Assumptions about the housing market may lead some to believe that home shoppers shy away from green housing thinking that it will require either too much of adjustment or too large of an investment. While historically those suppositions may have been accurate, new data indicates that there has been an exponential growth of green homeowners, a trend that is expected to continue well into the next decade.
At the National Association of Home Builders (NAHB) International Builders' Show in Orlando, Florida McGraw-Hill Construction revealed results from their Green Home Builders and Remodelers Study, which showed that green homes made up 17 percent of the overall residential construction market in 2011.
"This study demonstrates phenomenal growth in green building and indicates that we can expect even larger increases in the coming years," NAHB chairman Barry Rutenberg said in a press release. "In a sample of NAHB builder and remodeler members, nearly 90 percent reported building green at some level. This is a powerful testament to the importance of green home building – and transforms the way we think of homes overall."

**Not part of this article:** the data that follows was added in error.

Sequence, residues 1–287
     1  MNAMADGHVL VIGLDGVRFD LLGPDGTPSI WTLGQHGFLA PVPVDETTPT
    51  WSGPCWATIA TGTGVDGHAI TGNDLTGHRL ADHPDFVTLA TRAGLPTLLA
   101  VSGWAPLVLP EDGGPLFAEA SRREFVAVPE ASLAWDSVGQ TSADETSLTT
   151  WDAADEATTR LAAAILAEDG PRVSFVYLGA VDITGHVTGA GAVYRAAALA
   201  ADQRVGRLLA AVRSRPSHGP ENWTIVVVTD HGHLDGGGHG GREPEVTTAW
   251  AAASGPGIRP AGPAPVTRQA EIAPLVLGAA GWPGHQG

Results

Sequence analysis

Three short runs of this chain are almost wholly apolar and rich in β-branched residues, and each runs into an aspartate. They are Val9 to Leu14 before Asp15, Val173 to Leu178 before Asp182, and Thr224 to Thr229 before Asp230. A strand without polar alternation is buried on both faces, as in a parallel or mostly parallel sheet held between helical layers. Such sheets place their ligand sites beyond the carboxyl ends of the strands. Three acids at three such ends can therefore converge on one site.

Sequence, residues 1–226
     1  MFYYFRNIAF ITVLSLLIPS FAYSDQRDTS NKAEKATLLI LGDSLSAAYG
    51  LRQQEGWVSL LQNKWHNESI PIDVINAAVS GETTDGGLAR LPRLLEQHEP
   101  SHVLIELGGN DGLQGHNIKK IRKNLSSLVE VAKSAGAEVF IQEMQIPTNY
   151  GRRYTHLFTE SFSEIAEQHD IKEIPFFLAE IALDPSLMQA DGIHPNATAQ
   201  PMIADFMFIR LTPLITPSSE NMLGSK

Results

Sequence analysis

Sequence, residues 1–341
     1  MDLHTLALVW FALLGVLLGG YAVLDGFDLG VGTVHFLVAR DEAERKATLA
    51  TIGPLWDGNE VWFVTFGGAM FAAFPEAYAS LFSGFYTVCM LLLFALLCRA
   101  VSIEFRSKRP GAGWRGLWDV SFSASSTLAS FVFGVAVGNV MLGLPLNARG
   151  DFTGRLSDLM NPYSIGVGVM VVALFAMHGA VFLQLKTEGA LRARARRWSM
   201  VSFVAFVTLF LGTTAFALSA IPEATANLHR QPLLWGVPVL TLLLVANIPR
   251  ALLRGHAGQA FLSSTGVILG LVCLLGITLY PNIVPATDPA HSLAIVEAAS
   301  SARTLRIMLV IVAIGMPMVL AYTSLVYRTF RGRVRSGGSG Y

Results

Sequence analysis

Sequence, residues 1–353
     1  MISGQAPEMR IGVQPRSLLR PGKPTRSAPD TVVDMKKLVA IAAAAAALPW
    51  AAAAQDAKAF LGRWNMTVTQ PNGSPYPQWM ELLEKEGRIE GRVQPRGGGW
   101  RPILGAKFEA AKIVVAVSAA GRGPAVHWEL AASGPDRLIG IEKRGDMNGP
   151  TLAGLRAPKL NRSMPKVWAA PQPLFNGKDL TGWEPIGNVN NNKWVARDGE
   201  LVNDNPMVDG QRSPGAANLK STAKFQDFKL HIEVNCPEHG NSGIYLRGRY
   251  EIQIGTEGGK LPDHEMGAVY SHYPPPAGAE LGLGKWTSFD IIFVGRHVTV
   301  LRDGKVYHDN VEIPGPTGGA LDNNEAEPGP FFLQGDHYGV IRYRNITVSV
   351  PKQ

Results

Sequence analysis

Based on the results of the study, researchers estimated that green residential home construction should comprise between 29 and 38 percent of the market by 2016. Using those figures, they are predicting a growth in the green housing development market from $17 billion in 2011 to upwards of $114 billion in 2016.
While the American housing market has declined in recent years, Harvey Bernstein, the vice president of McGraw-Hill Construction, explained in the statement that the importance of going green has trumped the impact of a weakened U.S. economy.
The NAHB indicated that consumers are realizing that environmentally friendly homes generate lower bills and a valuable long-term savings.